Tehran, as well as its proxy terrorist groups are getting desperate for funding, with Hezbollah’s Hasan Nasrallah imploring members of his group to engage in “fundraising,” meaning: kidnapping & ransom, illegal drug trafficking, extortion & gun running.
By Jonathan S. Tobin
With weeks to go until the deadline to make a decision, the debate inside the Trump administration is heating up. The choice involves whether to continue to allow eight foreign nations to go on selling oil to Iran via waivers that allow them to legally evade the sanctions the United States reimposed when U.S. President Donald Trump pulled out of the nuclear deal with Tehran.
But ironically the argument for ending the waivers got a boost this week from a source that is hostile to Trump’s tough policy towards Iran: The New York Times. In an article filed by Beirut bureau chief Ben Hubbard, the Times reported that, contrary to the predictions of Trump’s critics, the sanctions that have been enforced in the last year have had a discernible impact on the Iranians. Among those most feeling the pinch from the austerity imposed by American restrictions on commerce with Iran are the terrorist groups that it funds.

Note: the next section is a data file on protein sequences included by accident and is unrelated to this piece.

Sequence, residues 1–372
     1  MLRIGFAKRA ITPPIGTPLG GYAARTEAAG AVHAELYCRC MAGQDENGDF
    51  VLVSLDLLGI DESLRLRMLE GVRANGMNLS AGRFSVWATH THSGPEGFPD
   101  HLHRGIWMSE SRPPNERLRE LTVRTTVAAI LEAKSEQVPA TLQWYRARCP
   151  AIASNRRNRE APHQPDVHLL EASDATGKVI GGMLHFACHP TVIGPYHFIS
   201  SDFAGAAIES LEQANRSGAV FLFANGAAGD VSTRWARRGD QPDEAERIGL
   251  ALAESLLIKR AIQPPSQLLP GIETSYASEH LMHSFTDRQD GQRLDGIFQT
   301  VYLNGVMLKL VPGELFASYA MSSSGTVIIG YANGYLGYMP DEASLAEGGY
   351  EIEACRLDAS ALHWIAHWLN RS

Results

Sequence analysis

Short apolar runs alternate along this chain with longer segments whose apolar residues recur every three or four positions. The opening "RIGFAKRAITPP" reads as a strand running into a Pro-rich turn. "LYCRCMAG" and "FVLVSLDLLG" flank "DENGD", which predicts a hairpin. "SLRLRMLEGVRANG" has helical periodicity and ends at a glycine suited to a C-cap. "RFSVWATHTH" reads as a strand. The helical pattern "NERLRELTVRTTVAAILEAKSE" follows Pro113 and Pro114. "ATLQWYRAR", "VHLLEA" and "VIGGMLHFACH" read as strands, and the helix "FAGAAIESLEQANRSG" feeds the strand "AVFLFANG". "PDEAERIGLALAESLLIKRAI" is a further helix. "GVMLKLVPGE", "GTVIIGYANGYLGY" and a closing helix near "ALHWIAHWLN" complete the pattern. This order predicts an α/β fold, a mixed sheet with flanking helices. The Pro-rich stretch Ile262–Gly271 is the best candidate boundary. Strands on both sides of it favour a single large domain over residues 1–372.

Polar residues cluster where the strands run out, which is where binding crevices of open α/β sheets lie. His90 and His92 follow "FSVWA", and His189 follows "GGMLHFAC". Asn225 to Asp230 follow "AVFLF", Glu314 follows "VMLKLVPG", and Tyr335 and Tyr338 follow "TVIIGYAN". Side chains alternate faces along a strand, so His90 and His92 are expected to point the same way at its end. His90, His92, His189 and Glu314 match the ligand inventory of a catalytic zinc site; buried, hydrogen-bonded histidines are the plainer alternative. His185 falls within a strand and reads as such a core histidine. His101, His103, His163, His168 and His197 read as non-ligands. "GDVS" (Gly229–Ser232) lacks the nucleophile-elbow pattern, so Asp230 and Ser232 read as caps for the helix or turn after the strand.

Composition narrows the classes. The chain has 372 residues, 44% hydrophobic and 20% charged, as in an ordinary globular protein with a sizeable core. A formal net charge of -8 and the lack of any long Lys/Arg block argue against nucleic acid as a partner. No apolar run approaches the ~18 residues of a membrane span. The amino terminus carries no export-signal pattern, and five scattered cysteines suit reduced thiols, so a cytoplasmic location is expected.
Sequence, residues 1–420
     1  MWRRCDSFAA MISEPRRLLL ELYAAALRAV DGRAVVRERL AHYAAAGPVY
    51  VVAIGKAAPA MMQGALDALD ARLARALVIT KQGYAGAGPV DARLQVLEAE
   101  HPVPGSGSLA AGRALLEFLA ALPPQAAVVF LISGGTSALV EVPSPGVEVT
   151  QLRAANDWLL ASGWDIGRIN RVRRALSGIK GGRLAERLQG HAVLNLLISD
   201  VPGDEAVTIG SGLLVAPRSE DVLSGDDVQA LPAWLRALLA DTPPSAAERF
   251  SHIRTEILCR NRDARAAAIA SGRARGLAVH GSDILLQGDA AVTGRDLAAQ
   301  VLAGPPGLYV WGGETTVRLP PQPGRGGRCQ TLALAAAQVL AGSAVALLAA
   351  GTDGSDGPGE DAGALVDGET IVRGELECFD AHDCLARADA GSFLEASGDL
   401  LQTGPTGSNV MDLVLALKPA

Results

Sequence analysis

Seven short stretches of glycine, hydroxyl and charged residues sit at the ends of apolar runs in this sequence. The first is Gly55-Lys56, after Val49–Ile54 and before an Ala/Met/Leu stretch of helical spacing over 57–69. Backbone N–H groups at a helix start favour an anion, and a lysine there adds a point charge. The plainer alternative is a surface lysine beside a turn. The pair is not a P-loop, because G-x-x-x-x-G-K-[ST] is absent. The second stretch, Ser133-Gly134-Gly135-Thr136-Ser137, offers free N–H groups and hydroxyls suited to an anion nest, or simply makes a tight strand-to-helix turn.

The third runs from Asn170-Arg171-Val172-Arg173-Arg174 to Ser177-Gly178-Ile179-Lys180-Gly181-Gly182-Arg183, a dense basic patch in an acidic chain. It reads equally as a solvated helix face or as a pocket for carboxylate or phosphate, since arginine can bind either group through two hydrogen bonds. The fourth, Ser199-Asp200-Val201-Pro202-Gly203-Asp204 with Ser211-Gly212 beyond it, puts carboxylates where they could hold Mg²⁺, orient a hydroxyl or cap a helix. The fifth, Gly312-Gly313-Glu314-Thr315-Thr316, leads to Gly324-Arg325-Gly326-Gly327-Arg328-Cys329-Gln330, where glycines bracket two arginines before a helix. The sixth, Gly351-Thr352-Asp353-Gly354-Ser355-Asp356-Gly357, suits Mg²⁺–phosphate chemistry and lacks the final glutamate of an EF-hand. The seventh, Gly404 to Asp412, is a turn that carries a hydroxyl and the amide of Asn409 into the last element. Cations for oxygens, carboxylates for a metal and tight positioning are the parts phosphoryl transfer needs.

According to the article, the sanctions have created an economic crisis for Tehran that has caused it to cut down on the money it spends on funding terrorists, as well as the barbarous Bashar Assad regime that it has helped prop up via military intervention in the Syrian civil war.
As Hubbard wrote: “The golden days are gone and will never return,” said a fighter with an Iranian-backed militia in Syria who recently lost a third of his salary and other benefits. “Iran doesn’t have enough money to give us.”
Even Hezbollah leader Hassan Nasrallah conceded the impact U.S. sanctions have been having on the ability of his Iranian masters to fund his group’s misdeeds. He lamented that the sanctions are “a form of war” and implored members of his group tasked with “fundraising” – a term that has a very different meaning for the Shiite terror group than for charitable organizations that don’t consider kidnapping and extortion an essential element of their appeals – to redouble their efforts.